The Covid-19 outbreak was declared a Public Health Emergency of International Concern on 30 January 2020 by the World Health Organization (WHO). Since then, experts from all over the world have been fearing a major humanitarian crisis especially in the underdeveloped and developing countries.
Factors like overcrowding, mass migration of laborers, poor sanitation, improper waste management, malnutrition, and limited access to health care may lead to the spread of communicable diseases. The vaccine–preventable diseases (VPD) might spread, if immunization services are disrupted.
The Measles & Rubella Initiative (M&RI) fears that over 117 million children in 37 countries may miss out on receiving life-saving measles vaccines. The measles immunization campaigns in 24 countries have already been delayed.
While the health care system and front lines workers are facing many challenges beyond the Covid-19 threat, continuation of all immunization services needs to be ensured to save lives that would otherwise be lost to various VPDs.
The WHO and the Advisory Committee on Vaccines and Immunization Practices (ACVIP) recommends the continuation of routine immunizations, especially the primary vaccine doses, to be administered in the first year- wherever safe and feasible.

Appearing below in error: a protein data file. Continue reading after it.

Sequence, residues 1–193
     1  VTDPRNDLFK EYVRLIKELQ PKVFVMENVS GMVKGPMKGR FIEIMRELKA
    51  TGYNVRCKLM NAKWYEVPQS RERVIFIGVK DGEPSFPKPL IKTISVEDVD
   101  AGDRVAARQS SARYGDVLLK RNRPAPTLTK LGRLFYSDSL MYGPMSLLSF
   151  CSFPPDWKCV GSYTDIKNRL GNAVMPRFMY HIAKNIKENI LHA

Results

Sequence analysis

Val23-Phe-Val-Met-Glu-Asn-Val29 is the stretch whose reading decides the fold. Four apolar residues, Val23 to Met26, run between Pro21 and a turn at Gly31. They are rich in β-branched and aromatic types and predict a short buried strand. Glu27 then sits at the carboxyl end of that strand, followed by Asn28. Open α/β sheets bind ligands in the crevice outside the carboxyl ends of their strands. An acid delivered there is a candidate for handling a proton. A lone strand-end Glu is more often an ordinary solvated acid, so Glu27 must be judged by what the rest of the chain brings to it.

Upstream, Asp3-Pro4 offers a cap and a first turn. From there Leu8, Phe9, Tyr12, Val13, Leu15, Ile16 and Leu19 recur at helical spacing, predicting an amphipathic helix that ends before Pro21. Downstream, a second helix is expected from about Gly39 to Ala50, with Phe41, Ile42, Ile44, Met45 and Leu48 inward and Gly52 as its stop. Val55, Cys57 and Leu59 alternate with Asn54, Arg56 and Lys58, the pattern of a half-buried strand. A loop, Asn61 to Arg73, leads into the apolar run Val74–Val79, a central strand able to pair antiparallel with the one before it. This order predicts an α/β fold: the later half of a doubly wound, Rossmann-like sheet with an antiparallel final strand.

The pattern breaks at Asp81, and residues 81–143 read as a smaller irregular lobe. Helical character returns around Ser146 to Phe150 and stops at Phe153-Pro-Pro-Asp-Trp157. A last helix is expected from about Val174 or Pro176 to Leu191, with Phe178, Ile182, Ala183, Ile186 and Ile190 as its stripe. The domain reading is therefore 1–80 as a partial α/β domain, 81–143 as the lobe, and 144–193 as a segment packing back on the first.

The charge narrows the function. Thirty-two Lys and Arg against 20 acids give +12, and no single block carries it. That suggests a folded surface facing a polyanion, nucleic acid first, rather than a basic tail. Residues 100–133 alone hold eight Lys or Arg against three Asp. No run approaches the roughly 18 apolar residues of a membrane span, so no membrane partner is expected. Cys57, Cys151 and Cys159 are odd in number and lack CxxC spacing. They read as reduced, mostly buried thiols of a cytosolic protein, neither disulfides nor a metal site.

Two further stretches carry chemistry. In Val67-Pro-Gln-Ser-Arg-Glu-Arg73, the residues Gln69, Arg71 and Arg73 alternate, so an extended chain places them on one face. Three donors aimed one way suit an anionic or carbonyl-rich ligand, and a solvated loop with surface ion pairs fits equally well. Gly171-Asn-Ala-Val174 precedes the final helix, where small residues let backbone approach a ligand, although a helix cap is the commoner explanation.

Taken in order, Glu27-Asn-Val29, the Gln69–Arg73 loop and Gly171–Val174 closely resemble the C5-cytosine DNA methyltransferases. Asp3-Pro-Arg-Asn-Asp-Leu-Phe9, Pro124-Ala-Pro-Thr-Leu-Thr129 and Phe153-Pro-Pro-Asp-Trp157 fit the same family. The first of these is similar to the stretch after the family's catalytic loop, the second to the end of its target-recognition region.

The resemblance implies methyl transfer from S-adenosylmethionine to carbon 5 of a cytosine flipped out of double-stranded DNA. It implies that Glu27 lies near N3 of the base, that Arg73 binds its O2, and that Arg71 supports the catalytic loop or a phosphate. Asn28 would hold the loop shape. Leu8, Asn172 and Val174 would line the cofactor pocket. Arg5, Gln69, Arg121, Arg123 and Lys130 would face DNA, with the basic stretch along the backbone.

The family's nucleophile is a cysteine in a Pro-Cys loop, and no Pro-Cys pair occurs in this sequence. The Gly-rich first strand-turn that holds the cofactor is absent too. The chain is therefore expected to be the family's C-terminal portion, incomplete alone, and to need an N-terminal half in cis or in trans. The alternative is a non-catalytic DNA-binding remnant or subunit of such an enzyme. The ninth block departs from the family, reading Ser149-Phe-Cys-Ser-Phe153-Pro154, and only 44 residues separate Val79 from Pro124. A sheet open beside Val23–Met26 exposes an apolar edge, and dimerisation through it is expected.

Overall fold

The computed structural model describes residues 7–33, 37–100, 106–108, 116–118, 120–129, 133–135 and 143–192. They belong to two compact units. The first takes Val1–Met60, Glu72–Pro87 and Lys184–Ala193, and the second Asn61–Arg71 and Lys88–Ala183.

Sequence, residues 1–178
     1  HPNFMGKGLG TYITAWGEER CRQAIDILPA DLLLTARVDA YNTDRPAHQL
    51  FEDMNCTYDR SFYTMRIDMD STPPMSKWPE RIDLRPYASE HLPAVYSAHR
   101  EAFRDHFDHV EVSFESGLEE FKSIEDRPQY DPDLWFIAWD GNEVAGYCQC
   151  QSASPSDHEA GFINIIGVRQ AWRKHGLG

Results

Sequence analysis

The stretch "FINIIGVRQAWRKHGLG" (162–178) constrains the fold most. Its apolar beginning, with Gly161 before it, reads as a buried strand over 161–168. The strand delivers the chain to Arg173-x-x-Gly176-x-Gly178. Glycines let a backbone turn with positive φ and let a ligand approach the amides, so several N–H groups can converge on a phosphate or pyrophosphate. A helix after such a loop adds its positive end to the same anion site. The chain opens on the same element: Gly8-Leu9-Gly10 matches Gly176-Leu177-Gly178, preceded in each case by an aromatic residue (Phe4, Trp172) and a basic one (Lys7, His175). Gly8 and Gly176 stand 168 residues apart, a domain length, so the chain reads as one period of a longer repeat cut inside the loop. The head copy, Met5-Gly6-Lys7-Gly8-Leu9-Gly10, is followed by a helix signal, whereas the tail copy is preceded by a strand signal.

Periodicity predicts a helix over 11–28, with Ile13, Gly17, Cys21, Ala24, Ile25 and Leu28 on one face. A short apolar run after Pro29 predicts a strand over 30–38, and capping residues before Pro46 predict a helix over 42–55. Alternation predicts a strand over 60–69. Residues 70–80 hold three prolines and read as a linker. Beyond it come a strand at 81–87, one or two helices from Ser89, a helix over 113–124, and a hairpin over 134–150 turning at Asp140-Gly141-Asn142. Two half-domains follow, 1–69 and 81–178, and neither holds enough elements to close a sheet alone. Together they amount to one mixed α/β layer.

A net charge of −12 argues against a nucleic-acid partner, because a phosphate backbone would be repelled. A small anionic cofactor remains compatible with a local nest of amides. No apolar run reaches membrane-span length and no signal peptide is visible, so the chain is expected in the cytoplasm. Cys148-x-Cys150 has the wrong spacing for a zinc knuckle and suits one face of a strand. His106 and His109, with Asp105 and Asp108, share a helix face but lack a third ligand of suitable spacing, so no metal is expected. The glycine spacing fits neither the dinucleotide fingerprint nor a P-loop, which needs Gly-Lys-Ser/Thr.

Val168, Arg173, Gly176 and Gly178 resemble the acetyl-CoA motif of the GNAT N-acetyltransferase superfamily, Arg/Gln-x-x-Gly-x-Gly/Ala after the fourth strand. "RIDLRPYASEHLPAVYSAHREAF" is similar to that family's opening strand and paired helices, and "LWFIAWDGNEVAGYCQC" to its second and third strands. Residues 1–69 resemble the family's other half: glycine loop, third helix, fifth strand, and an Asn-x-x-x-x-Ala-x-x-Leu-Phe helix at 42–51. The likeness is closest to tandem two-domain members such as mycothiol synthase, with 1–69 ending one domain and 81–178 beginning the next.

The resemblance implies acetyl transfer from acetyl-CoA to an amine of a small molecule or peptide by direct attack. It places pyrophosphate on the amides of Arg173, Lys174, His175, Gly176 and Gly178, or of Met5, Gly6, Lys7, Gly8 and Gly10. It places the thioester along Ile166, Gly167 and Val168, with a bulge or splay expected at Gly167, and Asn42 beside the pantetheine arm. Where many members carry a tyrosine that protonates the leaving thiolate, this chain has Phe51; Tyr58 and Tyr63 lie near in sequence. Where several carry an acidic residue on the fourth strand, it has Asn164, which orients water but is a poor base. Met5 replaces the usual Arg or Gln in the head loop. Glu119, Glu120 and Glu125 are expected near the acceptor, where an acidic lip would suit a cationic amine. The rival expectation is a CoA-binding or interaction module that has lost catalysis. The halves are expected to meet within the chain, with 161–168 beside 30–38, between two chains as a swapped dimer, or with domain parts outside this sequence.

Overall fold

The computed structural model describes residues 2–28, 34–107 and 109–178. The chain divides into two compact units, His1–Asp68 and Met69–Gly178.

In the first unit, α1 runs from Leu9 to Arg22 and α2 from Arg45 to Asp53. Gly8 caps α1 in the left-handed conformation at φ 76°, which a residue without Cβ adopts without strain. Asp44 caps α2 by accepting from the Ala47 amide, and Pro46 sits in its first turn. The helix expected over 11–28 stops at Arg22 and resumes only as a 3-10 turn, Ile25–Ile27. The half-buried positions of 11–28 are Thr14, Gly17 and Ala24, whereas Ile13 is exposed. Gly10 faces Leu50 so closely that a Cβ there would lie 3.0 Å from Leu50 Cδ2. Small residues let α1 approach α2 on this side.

An attempt should be made to vaccinate all newborns at birth, before discharge, with BCG, OPV and Hepatitis B vaccines.
The primary vaccination series including DPT, Hep B, Hib, OPV/IPV, Rotavirus vaccines, PCV, Influenza, Varicella and MR/MMR needs to be prioritized. The vulnerable groups should receive influenza vaccine on a priority basis.
Vaccines for Typhoid, Hepatitis A and HPV and other boosters could be postponed to a later date, if necessary.
However, all mass vaccination campaigns have been suspended considering the need to maintain mandatory social distancing.
Meanwhile, to close the immunity gaps in the regions where immunization services have been suspended, services will have to be restored at the earliest. The catch-up immunization activities for outbreak-prone VPDs such as measles, polio, diphtheria, and yellow fever should be resumed asap.
Spreading awareness amongst parents and healthcare providers at all levels regarding the importance of vaccination during Covid-19 health emergency can prevent deaths from VPDs soon and support the already strained health system in India.